Should the project succeed, said Mark Ford, Time4Media's CEO, Racing Fan will eventually move to a monthly frequency. Time4Media is launching an all-terrain-vehicle magazine next year, but a full-on launch of Racing Fan would be its most ambitious move since Time Inc. purchased what was then called Times Mirror Magazines in late 2000.
At this juncture, even inveterate blue-staters have heard that Nascar is the nation's second largest sport after football. Mr. Ford cited figures that find 35 million Nascar fans in America, of which 22 million qualified as especially avid. Yet Racing Fan will be the only broad-reach magazine bid for the Nascar fan. The news of the project, ironically, comes just weeks after the independently published American Thunder, which targeted a similar market, was shuttered after publishing for less than a year.
In response to a question about American Thunder, Scott Mowbray, Time4Media's editorial director, touts his company's pure-play bid for the space. American Thunder devoted about half of its editorial pages to what Mr. Mowbray termed "chest-beating man stuff," non-Nascar topics such as salt-water fishing and deck building. Racing Fan will zero in on what Mr. Mowbray calls the "spectacle" of Nascar and its personalities, in order to capitalize on the still-human-scaled dimensions of this sport. "You can still shake the hand of your driver," he said.
big and photo-heavy
Currently Time4Media publishes 16 consumer titles and three trade titles, all of which aim at male-dominated enthusiast niches. Its three largest titles are Field & Stream, Popular Science and Golf magazine.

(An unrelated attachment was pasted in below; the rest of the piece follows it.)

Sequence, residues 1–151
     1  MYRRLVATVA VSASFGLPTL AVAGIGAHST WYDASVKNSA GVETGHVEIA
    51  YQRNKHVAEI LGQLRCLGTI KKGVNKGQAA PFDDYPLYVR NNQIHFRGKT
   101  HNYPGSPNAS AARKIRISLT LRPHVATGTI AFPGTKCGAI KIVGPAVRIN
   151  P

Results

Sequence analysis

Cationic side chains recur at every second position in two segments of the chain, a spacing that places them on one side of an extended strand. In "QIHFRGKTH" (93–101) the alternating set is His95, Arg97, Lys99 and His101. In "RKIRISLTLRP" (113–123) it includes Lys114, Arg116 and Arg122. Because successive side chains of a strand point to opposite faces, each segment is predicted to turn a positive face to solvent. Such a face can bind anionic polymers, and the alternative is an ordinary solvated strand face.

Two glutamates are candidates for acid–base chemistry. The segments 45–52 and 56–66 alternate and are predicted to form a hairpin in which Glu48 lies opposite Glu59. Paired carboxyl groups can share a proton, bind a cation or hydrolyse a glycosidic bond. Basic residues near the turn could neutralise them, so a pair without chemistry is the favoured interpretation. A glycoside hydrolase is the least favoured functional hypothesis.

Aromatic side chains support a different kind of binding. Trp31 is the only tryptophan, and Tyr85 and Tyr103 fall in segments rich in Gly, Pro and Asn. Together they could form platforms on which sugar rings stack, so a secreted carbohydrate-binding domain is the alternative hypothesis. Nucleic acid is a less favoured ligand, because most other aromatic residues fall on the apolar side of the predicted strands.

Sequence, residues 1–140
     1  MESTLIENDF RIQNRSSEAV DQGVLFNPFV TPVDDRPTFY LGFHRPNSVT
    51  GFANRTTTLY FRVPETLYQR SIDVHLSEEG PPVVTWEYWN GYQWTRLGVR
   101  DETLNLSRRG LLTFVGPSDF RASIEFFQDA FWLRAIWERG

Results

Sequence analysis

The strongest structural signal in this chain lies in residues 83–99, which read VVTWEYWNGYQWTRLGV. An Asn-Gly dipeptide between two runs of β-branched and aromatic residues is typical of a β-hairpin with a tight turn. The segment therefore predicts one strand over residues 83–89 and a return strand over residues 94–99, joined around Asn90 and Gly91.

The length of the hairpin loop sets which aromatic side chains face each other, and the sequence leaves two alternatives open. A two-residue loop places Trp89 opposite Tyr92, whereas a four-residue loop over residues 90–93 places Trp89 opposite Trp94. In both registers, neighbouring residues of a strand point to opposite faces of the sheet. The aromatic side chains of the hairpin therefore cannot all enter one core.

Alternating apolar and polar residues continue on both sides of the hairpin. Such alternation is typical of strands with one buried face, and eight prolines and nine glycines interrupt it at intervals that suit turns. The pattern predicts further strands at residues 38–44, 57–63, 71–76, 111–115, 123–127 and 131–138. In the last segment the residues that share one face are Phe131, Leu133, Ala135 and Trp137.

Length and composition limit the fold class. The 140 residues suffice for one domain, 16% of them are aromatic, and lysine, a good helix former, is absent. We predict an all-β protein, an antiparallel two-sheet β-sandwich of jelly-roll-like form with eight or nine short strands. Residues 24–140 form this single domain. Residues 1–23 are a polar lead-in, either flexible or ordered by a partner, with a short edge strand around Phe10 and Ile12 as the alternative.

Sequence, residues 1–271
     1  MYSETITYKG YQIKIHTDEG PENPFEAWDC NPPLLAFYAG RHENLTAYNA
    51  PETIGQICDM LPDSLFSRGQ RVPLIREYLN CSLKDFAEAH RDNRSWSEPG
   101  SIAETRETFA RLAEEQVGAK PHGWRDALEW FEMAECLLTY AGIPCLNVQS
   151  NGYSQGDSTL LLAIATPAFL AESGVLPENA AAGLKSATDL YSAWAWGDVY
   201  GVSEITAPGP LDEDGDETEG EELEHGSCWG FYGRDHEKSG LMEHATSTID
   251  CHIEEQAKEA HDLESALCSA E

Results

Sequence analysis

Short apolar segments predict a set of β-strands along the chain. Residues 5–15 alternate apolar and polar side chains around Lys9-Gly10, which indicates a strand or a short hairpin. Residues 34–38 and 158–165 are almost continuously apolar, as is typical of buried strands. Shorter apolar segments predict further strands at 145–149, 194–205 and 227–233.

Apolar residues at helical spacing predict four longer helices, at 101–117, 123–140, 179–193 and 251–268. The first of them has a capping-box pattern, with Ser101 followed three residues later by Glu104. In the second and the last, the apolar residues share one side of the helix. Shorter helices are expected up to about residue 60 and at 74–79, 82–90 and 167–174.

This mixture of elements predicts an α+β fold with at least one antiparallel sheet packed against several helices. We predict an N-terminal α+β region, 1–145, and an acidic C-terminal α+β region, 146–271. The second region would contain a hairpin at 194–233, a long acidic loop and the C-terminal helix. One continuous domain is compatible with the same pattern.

Racing Fan will be oversized-specifically, 10 inches by 12 inches, about the size of ESPN the Magazine, a joint venture of Walt Disney Co. and Hearst Magazines, and run decidedly photo-heavy.
Mr. Mowbray's reasoning on this point is that racing fans are already well-served by the Web (for up-to-the-moment stats) and TV (for live events). Time4Media has no relationship with Nascar for Racing Fan, and talk of any tie-ins with Nascar sponsors "is premature," according to Mr. Ford.
Recurring features in the magazine will include first-person accounts of races told by both drivers and crew chiefs, and a stars-out-and-about paparazzi section called Face2Face-which bears a strong resemblance to Star Tracks in Time Inc.'s weekly title People.
Other recurring sections will include the "gossip garage" and a photo feature illustrating key moments in the sport, like one in the prototype that depicts "10 Crashes That Shook Nascar's World." (No. 1 is the one that claimed Dale Earnhardt Sr.'s life at 2001's Daytona 500.)
Newsstand distribution is set at 250,000 copies. A one-time full-color page rate is $10,000, and Mr. Ford said spreads will be priced at $17,500. The title's newsstand price is $3.99.